I made good on an earlier personal commitment involving what I called, for want of a better term, 'interactive theatre'. I had decided before the convergence to take advantage of any future opportunities to facilitate dance events. The final night party of the Convergence was scheduled, with Costa, TV's gardening guru, as MC I put my hand up to run the Interpretive Permaculture Bush Dance. Loosely based around a traditional bush dance, with some permaculture principles thrown in for good measure, it culminated in a spiral of dancers being dragged into a vortex screaming, "This is so much fun!". Suffice to say, it went off, and I am now addicted to the power of telling people what to do on the dance floor.

Lastly, one of the most exciting features of a Permaculture convergence is the tour that inevitably follows. The APC10 post-convergence tour took us through dry savannah of Mareeba and back to the tropical paradise of the Atherton Tablelands. So many things I haven't seen before, eggplant trees, green ant highways and creative approaches to cracking coconuts (see below right).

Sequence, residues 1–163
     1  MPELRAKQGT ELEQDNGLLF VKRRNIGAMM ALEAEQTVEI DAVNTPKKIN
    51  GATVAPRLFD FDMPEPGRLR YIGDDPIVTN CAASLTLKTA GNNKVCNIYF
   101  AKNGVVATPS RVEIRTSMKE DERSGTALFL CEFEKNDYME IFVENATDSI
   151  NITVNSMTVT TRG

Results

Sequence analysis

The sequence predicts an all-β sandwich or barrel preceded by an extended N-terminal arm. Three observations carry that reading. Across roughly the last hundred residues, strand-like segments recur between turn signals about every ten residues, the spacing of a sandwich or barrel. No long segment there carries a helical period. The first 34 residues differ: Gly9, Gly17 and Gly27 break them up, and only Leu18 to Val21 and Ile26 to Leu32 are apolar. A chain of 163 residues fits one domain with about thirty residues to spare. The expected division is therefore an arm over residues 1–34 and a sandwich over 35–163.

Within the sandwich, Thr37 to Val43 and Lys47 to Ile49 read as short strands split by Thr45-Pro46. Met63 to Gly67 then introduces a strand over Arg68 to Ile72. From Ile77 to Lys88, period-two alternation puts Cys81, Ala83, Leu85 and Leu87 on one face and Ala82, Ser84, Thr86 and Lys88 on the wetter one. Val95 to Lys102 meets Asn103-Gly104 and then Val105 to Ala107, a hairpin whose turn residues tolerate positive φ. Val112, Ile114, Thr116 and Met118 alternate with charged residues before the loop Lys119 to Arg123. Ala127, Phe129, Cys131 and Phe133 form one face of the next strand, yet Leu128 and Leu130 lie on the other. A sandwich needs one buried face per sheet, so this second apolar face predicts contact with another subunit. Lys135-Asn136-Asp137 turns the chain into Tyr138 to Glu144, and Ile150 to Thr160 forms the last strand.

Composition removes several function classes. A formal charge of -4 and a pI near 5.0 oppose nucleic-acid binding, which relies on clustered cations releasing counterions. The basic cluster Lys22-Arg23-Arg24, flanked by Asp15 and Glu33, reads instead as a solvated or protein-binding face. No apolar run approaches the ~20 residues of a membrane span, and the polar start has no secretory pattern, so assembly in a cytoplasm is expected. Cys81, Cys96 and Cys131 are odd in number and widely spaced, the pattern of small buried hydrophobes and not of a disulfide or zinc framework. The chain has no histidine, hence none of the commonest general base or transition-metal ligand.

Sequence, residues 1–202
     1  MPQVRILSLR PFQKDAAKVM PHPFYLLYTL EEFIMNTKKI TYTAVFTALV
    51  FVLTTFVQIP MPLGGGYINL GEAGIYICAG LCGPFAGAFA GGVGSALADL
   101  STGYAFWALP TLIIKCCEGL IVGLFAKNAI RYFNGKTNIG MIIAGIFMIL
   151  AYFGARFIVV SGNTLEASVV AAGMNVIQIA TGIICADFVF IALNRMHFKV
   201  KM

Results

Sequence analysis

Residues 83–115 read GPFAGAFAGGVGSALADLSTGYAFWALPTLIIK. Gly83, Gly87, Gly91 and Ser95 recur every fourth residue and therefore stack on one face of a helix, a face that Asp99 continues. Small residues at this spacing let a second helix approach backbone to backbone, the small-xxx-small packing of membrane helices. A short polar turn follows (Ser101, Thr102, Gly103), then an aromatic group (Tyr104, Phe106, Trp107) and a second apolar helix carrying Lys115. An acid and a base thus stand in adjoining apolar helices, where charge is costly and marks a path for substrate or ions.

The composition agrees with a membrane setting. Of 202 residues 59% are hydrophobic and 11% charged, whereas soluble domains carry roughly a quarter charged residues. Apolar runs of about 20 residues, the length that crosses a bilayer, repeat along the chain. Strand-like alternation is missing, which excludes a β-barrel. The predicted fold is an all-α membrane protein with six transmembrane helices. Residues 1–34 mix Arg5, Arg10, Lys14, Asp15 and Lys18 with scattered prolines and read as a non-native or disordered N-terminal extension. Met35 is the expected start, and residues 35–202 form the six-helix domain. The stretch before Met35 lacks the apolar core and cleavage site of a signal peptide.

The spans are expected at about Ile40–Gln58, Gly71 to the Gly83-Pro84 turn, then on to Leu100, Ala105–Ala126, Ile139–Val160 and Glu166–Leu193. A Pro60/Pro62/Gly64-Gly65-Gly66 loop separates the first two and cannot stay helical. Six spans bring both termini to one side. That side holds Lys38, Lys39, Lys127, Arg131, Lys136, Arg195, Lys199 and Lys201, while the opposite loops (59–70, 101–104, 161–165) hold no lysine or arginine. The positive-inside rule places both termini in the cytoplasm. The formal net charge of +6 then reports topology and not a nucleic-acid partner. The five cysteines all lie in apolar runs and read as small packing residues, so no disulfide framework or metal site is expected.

My deepest gratitude goes to permaculture elders Rowe Morrow and Phil Gall for their graciousness and effusive generosity. It's always humbling to meet those for whom you have so much respect and for them to be willing and happy to give so much of their time. Further opportunities to rub elbows with heroes, Robina McCurdy and Robin Clayfield on the bus tour, sounds captured below.

Wednesday, October 13, 2010

From the archives: make a chicken coop from farm junk

A couple of years ago I made my first foray into raising chicks. With a borrowed incubator we started incubating our first batch of eggs just before our chickens got broody themselves. After three weeks, we had eight chicks being raised by their mother hens (the country chicks) and seven chicks raised by us in a brooder (the city chicks). We set up a skype account and camera to keep an eye on the city chicks while we were working away from home.